Teach English in Limin - Zhuzhou Shi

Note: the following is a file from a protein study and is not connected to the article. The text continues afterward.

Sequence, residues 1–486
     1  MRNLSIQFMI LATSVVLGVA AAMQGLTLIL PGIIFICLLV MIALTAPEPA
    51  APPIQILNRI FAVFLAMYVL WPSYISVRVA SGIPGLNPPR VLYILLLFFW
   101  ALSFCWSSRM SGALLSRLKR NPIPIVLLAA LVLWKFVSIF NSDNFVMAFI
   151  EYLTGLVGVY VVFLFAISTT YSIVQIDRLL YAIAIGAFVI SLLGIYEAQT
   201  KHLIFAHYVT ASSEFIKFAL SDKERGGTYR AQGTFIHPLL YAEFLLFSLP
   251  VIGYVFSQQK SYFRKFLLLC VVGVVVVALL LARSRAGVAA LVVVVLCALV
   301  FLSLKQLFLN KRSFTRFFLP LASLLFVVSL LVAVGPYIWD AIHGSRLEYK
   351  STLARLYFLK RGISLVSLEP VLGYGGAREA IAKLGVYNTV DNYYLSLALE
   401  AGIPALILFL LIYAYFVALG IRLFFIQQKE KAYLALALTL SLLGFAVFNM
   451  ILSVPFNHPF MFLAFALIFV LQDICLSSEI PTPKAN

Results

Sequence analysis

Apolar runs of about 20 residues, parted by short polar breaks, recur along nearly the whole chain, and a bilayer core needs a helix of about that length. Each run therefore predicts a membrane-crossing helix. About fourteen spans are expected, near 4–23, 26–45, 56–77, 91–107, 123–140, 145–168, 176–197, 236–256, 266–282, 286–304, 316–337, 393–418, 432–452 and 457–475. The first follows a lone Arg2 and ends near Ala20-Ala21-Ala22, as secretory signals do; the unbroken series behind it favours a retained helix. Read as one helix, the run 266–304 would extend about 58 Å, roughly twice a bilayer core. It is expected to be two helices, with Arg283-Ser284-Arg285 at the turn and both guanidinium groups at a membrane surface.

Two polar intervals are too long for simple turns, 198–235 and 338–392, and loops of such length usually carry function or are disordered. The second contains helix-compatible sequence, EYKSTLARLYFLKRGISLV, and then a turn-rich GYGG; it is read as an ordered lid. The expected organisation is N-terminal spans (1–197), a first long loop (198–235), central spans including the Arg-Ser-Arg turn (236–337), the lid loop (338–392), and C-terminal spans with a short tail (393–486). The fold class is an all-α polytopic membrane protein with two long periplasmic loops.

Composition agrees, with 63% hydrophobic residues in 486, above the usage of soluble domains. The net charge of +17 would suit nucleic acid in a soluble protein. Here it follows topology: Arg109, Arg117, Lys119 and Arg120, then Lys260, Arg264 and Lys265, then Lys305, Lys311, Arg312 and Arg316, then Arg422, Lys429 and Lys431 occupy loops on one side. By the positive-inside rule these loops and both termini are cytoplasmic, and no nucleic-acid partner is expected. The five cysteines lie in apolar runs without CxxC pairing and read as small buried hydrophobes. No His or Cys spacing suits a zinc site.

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English language education (ELE) in Japan has gone through many changes in the last two decades to improve the country’s rank on privately administered English language proficiency tests such as the Test of English for International Communication (TOEIC). According to EF Education First, an international education company that specializes in teaching languages, Japan is ranked 53rd on the 2019 annual survey of 100 non-English speaking countries down from 49th the previous year. Among Asian countries, Japan ranked lower than China, South Korea, Taiwan and Singapore. Japan’s proficiency level has even fallen below the world average (www.japantimes.co.jp/news/2019/11/09/national/japanese-ranked-53rd-english-skills-annual-wordwide-survey). Despite all the initiatives in the past two decades, Japan has not seen any remarkable improvement in their ranks. So, what problems are English language learners (ELL) facing in Japan? As an Assistant Language Teacher (ALT) at the elementary and junior high school level in Japan for the past four years and after reading many articles and case studies on the topic, I believe these four problems are hinderances to ELL in Japan. 1. Differences in language – The differences between Japanese and English is well documented. They differ in grammar, writing systems and phonetics. English grammar follows a ‘subject – verb – object’ construction while in Japanese it’s ‘subject – object – verb’. Many students find it difficult to formulate English sentences properly. This is even more apparent when they try to speak in English. English uses the roman alphabet while Japanese uses a combination of three writing systems. The first writing system came from China in the form of kanji. Next hiragana are simplified kanji that forms the Japanese alphabet and phonemic system and katakana which is also modified kanji are used for loan words from other countries. Lastly, the phonetic systems are very different. Japanese has 46 sounds in addition to 33 combinations. The English language has 44 phonemes. The two languages don’t share some sounds. Therefore, Japanese students tend to have difficulty speaking and differentiating between L: R and B: V sounds. Also, the sound of F is usually pronounced with an H sound. It takes many hours of practice for students to hear and speak the sounds properly. 2. Mentality towards learning English – ELE in public schools took on renewed importance in Japan after World War II ended (Cripps, 2016). Before then, Japan had been isolated for a period of about 200 years from the rest of the world particularly the west except for the Dutch and Chinese. After the isolation period ended in 1868, ELE was limited to a select few who could afford to attend private language institutions. Many Japanese today carry sentiments of the isolation period. They see no use to studying English as they don’t plan on leaving the country and don’t want to speak with foreigners who visit the country. In addition, the current education system forces students to learn English whether they want to or not. Many students are simply not motivated to learn and don’t see a future where they need to speak English. Students and Japanese teachers of English (JTEs) alike, lack the confidence to practice and speak English in a culture that strives for perfection. Students are also told from an early stage that learning English is difficult. This causes them to have a negative outlook even before they begin ELE. 3. Method of teaching English – In the period after isolation, Japan started to change its perception of western educational philosophies. According to Tony Cripps (2016), Japan initially utilized western scholars to teach English but soon started translating English text into Japanese which started the grammar-translation method of ELE in Japan. The ramifications of this method can still be felt today in ELE in Japan. JTEs mainly use this method to teach English and often tend to ignore the importance of attaining speaking and listening skills. This limits the students’ usage and applicability of the language in practical situations. In addition to the skewed approach, students are plague by many tests which they need to pass. This puts more pressure on the teachers to focus on covering course materials in an approved textbook rather than teaching English for practical use. Approved textbooks also pose another problem. The English used in the textbooks is quite different from naturally spoken and written English. According to a case study conducted at Keio University (2007), in order to enhance Japanese student communication skills in English, English in textbooks must be closer to practical and real English. 4. Unrealistic expectations – According to a news article written by Ikuko Tsuboya-Newell (www.japantimes.co.jp/opinion/2017/10/29/commentary/japan-commentary/japanese-trouble-learning-english/#.XfxzVsCRUIQ), the government of Japan has set a goal starting in 2020 for all high school graduates to achieve an English level equivalent of the B1 level of the Common European Framework of Reference for Language (CEFR) which is equivalent to a score of 550 on the TOEIC. To achieve this level, students would need to complete at least 2,500 hours of ELE. Students begin formal ELE in the first grade of junior high school. English classes are conducted in 50-minute lessons four times a week for 35 weeks. In high school, students have five 50-minute lessons for 35 weeks. The hours are insufficient and the B1 level would be impossible for students to achieve without external classes. In addition, more than 70% of JTEs from junior high schools have scored lower than 730 on the TOEIC. A score of 730 or more is considered as the benchmark for admittance to many universities or jobs. With JTEs being incompetent English speakers, students suffering from low quality English lessons and not enough ELE time, it is unrealistic for high school graduates to meet the government’s goal. Of course, the issues in ELE in Japan are not limited to these four problems. But improvements in these areas will result in better English language skills. Particularly, properly trained JTEs, more hours learning English, more focus on communicative English, updating of English textbooks and teaching methods and earlier introduction of ELE.